Capturing the heart through metaphors

Non-verbal routine that forces visual connections

Generate-Sort-Connect-Elaborate:  Concept Maps

Uncovering and organizing prior knowledge to identify connections

Highlights the thinking steps of making an effective concept map that both organizes and reveals one’s thinking

Connect-Extend- Challenge

Connection making, identify new ideas, raising questions

Key synthesis moves for dealing with new information in whatever form it might be presented: books, lecture, movie, etc.

The 4 C’s (links to “think from the middle”)

Connection making, identifying key concept, raising questions, and considering implications

A text-based routine that helps identifies key points of complex text for discussion.  Demands a rich text or book.

Micro Lab (links to “think from the middle”)

A protocol for focused discussion

Can be combined with other routines and used to prompt reflection and discussion

I used to think, now I think

Reflection and metacognition

Used to help learners reflect on how their thinking has shifted and changed over time.

Reporter’s Notebook


A routine for separating fact from feeling

Options Diamond


Exploring the tensions of decision making routine

Options Explosion


A routine for creative decision making

+1 Routine (links to “think from the middle”)


Identifying key ideas and committing them to memory

S.A.I.L (links to “think from the middle”) Reflection, communication, sorting A routine for talking through plans, gathering input and getting feedback. 



Key Thinking Moves


What makes you say that?

Reasoning with evidence

A question that teachers can weave into discussion to push students to give evidence for their assertions.

Circle of Viewpoints

Perspective taking

Identification of perspectives around an issue or problem.

Step Inside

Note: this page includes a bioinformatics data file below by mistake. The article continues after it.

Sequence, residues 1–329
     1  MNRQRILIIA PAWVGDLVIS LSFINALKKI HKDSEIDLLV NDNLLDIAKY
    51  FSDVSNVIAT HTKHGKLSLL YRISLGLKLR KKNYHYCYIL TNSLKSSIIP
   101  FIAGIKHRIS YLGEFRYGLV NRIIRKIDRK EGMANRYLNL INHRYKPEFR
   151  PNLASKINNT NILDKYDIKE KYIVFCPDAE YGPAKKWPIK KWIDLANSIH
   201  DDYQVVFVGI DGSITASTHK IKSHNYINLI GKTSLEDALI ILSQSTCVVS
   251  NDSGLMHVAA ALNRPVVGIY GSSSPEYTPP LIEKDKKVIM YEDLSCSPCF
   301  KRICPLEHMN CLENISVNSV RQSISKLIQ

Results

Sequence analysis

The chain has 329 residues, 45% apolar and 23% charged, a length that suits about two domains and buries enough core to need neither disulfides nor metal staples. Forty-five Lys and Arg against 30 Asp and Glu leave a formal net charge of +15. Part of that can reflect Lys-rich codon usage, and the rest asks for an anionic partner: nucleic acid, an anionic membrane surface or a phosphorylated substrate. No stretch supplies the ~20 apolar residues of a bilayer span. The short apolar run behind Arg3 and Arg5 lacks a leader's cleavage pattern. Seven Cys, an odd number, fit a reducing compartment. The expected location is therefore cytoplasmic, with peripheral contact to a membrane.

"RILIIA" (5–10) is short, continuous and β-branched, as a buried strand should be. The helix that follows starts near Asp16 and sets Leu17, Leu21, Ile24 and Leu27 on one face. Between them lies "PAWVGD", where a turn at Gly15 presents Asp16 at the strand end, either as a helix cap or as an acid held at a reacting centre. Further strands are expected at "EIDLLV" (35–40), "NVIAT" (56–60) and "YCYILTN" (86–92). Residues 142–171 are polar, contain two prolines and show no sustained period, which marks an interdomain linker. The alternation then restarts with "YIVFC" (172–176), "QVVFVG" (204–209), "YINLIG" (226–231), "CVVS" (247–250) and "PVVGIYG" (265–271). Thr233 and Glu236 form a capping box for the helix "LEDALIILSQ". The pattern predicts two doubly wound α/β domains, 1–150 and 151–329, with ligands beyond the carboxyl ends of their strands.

Perspective taking

Stepping into a position and talking or writing from that perspective to gain a deeper understanding of it.

Red Light, Yellow Light

Monitoring, identification of bias, raising questions

Used to identify possible errors in reasoning, over reaching by authors, or areas that need to be questioned.

Claim Support Question

Identifying generalizations and theories, reasoning with evidence, counter arguments

Can be used with text or as a basic structure for mathematical and scientific thinking.

Tug of War

Perspective taking, reasoning, identifying complexities

Identifying and building both sides of an argument or tension/dilemma

Word-Phrase-Sentence (links to “think from the middle”)

Summarizing and distilling

Text-based protocol aimed at eliciting what a reader found important or worthwhile. Used with discussion to look at themes and implications.

Peel the Fruit

Summarizing, Capturing the heart

A map for tracking and guiding understanding

Here Now There Then


A routine for considering presentist attitudes and judgments

Making it Fair: Now Then Later


A routine for finding actions

Main, Side, Hidden (links to “think from the middle”)


A routine for analyzing the depth of an incident, text, or artwork.



Hot Spots


A routine for noticing truth occcasions

Stop Look Listen


A routine for clarifying claims and seeking sources

True for Who


A routine for considering viewpoints on truth

Tug for Truth


A routine for exploring tensions of truth

Creative Hunt


A routine for looking at parts, purposes and audiences

Does it fit?


A routine for thinking creatively about options

Found Poem (links to “think from the middle”)

Making meaning

A routine to engage learners to construct meaning together

Making Meaning


Colours, Shapes, Lines (links to “think from the middle”)

Artful thinking